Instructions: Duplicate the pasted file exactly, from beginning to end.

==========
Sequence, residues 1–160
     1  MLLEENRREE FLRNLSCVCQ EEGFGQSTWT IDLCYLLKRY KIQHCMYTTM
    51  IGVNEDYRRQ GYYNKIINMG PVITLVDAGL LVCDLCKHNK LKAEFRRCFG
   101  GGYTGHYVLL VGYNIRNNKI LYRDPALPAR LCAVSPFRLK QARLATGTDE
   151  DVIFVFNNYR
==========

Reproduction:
Sequence, residues 1–160
     1  MLLEENRREE FLRNLSCVCQ EEGFGQSTWT IDLCYLLKRY KIQHCMYTTM
    51  IGVNEDYRRQ GYYNKIINMG PVITLVDAGL LVCDLCKHNK LKAEFRRCFG
   101  GGYTGHYVLL VGYNIRNNKI LYRDPALPAR LCAVSPFRLK QARLATGTDE
   151  DVIFVFNNYR